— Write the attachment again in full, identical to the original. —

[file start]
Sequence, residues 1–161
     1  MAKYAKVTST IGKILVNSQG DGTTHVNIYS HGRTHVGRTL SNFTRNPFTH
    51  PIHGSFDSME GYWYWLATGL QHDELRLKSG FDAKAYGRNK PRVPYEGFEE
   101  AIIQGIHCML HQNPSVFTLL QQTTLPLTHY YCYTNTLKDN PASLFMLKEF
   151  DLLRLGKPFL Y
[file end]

Sequence, residues 1–161
     1  MAKYAKVTST IGKILVNSQG DGTTHVNIYS HGRTHVGRTL SNFTRNPFTH
    51  PIHGSFDSME GYWYWLATGL QHDELRLKSG FDAKAYGRNK PRVPYEGFEE
   101  AIIQGIHCML HQNPSVFTLL QQTTLPLTHY YCYTNTLKDN PASLFMLKEF
   151  DLLRLGKPFL Y